The game does not support resolutions with an aspect ratio of 16:9 and 16:10 without your adding special parameters into its launch icon, but our reviews are intended for a large audience of gamers and we try to use only those settings the game itself offers. Besides that, even with the additional parameters the support of widescreen resolutions is implemented shabbily in Battlefield 2142. Some 2D graphics, like the HUD, may not display, for example. That is why we tested this game in 4:3 resolutions only, i.e. 1600x1200, 1920x1400 and 2048x1536 pixels.
Even with enabled 4x FSAA each version of GeForce 8800 GTX provides enough performance for you to be able to play this game at a resolution of 2048x1536. The speed is never lower than 40fps, which means you won’t lose smoothness and accuracy of control even in the very heat of a battle. As expected, the pre-overclocked XFX card shows its superiority over the other three GeForce 8800 GTX beginning with 1920x1440 resolution. This advantage amounts to 9-10%, which is quite good considering that the XFX’s shader processors are not overclocked.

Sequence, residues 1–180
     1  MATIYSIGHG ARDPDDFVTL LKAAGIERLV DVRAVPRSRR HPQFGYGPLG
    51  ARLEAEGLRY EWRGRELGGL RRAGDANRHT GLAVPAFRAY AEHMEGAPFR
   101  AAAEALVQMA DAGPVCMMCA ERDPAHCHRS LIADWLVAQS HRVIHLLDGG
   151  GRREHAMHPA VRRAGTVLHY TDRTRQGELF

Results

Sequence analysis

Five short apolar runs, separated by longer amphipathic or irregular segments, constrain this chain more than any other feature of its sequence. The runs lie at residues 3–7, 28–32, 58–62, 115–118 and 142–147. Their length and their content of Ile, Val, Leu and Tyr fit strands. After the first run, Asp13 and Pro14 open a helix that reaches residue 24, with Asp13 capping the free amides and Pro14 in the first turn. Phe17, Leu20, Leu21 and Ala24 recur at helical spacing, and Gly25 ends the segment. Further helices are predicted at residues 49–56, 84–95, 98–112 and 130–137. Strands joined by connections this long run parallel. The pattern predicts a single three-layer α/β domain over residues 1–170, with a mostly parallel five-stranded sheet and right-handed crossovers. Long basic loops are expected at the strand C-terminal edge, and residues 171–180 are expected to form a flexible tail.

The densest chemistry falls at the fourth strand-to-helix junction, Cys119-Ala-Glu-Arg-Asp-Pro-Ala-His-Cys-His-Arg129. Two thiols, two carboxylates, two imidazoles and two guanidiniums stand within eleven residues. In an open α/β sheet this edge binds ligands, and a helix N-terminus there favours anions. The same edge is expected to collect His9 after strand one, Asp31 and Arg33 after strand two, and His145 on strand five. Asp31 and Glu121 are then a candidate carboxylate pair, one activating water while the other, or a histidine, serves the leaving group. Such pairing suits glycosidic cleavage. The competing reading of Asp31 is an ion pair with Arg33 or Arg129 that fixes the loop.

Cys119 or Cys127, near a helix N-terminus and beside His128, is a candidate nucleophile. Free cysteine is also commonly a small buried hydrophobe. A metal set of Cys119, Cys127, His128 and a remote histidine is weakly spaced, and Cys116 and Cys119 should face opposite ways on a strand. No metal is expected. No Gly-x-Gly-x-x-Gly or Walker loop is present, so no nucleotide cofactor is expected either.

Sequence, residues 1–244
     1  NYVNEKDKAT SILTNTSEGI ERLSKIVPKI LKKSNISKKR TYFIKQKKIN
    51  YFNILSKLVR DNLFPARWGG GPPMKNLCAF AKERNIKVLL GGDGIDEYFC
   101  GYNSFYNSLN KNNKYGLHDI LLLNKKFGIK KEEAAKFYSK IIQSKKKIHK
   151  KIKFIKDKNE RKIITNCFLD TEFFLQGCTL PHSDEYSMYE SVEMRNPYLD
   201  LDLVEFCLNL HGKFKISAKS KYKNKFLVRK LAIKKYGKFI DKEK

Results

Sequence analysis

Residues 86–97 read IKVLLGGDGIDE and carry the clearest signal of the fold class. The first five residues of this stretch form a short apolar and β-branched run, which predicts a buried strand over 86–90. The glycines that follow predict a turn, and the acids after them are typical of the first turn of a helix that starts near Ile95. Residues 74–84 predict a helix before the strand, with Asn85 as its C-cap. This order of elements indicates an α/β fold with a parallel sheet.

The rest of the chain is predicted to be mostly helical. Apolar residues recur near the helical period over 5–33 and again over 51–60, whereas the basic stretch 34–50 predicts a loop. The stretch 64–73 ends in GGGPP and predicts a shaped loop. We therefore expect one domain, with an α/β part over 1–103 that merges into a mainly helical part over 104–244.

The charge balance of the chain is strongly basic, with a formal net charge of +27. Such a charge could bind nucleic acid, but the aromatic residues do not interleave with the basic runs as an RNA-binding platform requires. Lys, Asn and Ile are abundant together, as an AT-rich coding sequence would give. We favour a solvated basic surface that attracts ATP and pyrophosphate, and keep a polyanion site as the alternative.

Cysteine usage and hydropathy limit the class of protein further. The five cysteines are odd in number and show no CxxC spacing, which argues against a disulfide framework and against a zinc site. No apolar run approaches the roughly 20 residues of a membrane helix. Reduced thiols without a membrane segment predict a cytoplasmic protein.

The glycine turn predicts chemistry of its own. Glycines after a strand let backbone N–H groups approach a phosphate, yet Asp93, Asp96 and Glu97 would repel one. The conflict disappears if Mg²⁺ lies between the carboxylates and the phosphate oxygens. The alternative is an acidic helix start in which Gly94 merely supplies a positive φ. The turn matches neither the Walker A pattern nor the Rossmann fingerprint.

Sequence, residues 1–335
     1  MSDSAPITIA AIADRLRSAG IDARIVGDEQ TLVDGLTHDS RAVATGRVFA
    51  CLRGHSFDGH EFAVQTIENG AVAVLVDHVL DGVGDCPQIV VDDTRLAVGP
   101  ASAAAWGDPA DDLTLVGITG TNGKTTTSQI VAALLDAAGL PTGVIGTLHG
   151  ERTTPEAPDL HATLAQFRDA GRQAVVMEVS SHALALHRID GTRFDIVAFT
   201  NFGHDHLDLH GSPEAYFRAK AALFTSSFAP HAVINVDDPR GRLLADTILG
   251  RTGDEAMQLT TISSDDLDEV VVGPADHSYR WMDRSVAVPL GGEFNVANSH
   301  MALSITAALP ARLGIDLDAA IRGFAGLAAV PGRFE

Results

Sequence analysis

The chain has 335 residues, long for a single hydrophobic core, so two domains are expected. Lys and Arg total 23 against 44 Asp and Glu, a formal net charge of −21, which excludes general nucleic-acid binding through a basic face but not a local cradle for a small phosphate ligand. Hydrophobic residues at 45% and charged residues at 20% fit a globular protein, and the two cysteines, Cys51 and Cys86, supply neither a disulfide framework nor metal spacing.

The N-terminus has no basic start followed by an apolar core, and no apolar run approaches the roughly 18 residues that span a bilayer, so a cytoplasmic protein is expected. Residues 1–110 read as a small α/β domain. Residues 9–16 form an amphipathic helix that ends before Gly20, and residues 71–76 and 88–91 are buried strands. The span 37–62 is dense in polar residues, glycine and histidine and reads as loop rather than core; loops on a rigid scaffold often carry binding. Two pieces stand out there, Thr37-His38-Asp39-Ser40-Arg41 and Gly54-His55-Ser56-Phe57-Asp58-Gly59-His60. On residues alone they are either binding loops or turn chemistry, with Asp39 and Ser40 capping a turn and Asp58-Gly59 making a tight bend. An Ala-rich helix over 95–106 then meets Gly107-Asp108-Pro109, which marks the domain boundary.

Call of Juarez
The game is very demanding at its maximum graphics quality settings that make use of SM3.0 and HDR and the GeForce 8800 GTX cannot yield even 50fps at 1600x1200. The speed bottoms out to 21fps in the most complex scenes, so there is not much playing comfort here.
On the other hand, Call of Juarez is not a typical shooter, but includes such third-person shooter elements as “slo-mo”/”Matrix mode”. Subjectively, the game is quite playable on the GeForce 8800 GTX with enabled HDR, although the numbers may seem to suggest otherwise. However, you’ll have to limit yourself to 1600x1200 or even to 1280x1024 resolution for more playing comfort.
Somehow the game does not like the AMD Radeon X1950 XTX, but the dual-GPU GeForce 7950 GX2 feels much more confident than the new-generation GeForce 8800 GTS. The difference is small, though, whereas the GeForce 8 provides a higher-quality anisotropic filtering than the GeForce 7.